Blake on display at the rocket park at Kennedy Space Center.
Parkland School District’s Space Shuttle Blake has been invited by the National Aeronautics and Space Administration.(NASA) to participate in the penultimate voyage of the Space Shuttle and the final flight of Space Shuttle Endeavor recognizing Parkland’s outstanding contribution to science and space exploration education since the Blake was first commissioned in June of 1995. The Parkland Space Shuttle Blake will depart Schnecksville Elementary School via a donated Mack Truck for the Kennedy Space Center in Florida on Thursday, April 21 at 2:00 PM to attend the launch of Space Shuttle Endeavour on Friday, April 29, 2011.
On launch day, April 29, 2011, Blake will be front and center at the NASA Causeway Launch Viewing Area at the Kennedy Space Center positioned 6.3 miles south of the launch pad. The causeway is the closest public viewing site available for the launch. Blake will be on proud display and open for tours at its location mid-way between the area’s two viewing stands. Blake will also be on display and open for tours at the United States Astronaut Hall of Fame at the Kennedy Space Center’s Visitor’s Complex on Saturday, April 30th, and Sunday, May 1st.
The Parkland Space Shuttle Blake is a unique educational tool. Shortly after the loss of NASA’s space shuttle Challenger in 1986, the idea for Blake was conceived by Robert Boehmer, a Parkland elementary school art teacher, and his principal, Steve Szilagyi. Mr. Boehmer had participated in NASA’s Teacher in Space Program, the same program that ultimately led to teacher Christa McAuliffe’s inclusion as a crewmember on Challenger’s final flight. Nine years and 40,000+ volunteer hours in the making, the Blake is a 4/10-scale replica of the Space Shuttle on the exterior and a state-of-the-art classroom inside. Since then, it has served more than 64,000 children across the Lehigh Valley with various space exploration learning activities. The “classroom-on-wheels” has ground-to-space communication capabilities, a space shuttle flight simulator, twelve networked multimedia computers, and other hands-on learning centers. Adjacent to the hangar bay at Schnecksville Elementary School, where the shuttle is housed, is a multi-media “mission control” center. This 42-seat briefing area contains equipment for audio and visual presentations. At 20 computer stations, students can interact with those on board the Blake while performing various tasks as part of the space mission learning experience. Lessons are cross-curricular with an emphasis on cooperative learning and teamwork.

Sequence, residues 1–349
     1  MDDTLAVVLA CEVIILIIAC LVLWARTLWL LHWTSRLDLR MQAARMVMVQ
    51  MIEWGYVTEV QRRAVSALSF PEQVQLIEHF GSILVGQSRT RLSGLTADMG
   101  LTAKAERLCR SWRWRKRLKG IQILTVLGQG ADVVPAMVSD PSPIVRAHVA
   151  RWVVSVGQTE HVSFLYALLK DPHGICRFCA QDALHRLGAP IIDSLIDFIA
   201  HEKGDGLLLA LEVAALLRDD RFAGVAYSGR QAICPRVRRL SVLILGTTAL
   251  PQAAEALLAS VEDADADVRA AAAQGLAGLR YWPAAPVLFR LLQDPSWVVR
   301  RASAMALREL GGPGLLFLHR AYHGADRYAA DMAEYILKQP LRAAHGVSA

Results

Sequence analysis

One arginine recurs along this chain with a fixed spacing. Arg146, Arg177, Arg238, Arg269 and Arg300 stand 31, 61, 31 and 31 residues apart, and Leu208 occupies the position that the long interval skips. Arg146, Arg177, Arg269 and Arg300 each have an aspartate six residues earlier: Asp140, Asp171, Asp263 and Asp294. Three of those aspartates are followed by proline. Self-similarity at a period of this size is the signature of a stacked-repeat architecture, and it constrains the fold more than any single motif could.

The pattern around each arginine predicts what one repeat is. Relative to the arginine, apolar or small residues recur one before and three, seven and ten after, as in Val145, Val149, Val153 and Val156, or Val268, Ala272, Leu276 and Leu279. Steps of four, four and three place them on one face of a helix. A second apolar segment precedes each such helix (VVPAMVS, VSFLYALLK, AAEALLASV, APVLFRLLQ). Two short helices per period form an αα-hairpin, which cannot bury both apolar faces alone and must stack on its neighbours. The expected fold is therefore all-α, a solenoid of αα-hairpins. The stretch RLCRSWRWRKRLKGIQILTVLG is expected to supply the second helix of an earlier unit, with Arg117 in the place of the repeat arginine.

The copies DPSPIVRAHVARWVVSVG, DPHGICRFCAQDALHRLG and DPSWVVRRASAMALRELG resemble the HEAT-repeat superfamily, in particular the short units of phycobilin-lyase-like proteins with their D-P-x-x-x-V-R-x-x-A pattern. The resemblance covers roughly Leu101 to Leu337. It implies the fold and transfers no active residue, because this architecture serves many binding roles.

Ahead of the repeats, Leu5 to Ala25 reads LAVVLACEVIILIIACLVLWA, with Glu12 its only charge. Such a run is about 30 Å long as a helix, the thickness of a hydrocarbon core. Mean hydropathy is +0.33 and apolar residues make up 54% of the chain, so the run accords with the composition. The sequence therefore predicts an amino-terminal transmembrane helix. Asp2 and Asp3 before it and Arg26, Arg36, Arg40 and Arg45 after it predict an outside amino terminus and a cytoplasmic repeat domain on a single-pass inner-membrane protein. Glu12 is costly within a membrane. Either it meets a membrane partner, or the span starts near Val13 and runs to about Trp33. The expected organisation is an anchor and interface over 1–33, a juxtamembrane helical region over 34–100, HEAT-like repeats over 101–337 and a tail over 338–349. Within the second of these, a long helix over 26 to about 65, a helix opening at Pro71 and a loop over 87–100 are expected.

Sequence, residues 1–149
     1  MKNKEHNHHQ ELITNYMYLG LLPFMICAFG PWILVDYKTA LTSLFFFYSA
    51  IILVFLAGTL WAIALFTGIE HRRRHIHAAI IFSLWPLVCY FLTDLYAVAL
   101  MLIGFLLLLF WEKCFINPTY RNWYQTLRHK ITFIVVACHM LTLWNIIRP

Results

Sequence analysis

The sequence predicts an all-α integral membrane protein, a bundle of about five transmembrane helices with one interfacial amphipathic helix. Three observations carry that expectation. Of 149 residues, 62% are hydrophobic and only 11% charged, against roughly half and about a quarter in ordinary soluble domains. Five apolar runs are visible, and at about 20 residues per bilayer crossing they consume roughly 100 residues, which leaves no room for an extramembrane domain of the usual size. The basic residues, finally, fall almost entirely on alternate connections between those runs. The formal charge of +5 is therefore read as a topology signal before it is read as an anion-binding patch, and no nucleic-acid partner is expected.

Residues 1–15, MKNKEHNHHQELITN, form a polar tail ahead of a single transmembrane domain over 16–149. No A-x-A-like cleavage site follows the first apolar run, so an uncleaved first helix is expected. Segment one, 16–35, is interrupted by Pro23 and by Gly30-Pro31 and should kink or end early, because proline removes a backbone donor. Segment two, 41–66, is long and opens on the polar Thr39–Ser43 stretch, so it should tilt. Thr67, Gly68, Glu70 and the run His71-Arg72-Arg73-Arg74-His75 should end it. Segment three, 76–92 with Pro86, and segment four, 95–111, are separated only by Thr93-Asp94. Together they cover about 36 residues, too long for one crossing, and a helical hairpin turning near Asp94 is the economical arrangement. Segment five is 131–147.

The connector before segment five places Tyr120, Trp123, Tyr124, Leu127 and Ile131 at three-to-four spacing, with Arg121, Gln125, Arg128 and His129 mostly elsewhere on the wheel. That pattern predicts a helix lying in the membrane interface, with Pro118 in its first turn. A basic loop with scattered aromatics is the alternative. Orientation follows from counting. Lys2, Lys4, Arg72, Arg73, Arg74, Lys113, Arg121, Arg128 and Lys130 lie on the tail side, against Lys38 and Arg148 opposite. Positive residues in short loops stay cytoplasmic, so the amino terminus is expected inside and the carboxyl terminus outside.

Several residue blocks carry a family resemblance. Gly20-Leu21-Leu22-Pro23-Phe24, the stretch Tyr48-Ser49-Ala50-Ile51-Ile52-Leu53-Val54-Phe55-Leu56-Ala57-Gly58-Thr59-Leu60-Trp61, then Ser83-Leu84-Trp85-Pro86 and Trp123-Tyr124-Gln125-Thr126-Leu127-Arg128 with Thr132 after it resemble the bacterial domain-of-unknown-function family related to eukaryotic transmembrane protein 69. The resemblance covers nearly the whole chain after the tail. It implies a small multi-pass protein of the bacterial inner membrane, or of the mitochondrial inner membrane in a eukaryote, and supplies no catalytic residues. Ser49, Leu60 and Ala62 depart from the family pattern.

The out-of-this-world classroom demonstrates what is possible when an educational concept receives support from the community it serves. The idea for Blake would have never left the ground without the resources and talented workers from local businesses and corporations who have donated money, materials, and thousands of volunteer man-hours to the project. For this final mission to the Kennedy Space Center, the Blake program has received financial support from public and private donations that are fully funding its travel. Special thanks go out to Mack Trucks, Lee Butz, AFC First Financial, Ironton Telephone Company, Service Electric Cable TV and Communications, and American Bank who have donated funds and equipment to make it possible to transport the Blake to Florida. Additionally, Olympus Corporation is loaning camera equipment to help the District record this historic event.
Dr. Louise E. Donohue, Superintendent of Schools, stated, “Our selection to participate in the festivities surrounding the Endeavour’s final mission allows us the privilege of representing the Parkland School District, Pennsylvania, NASA, the and the Astronaut Corps during a national historic event. We are delighted to put this unique educational tool on display for so many others to see.”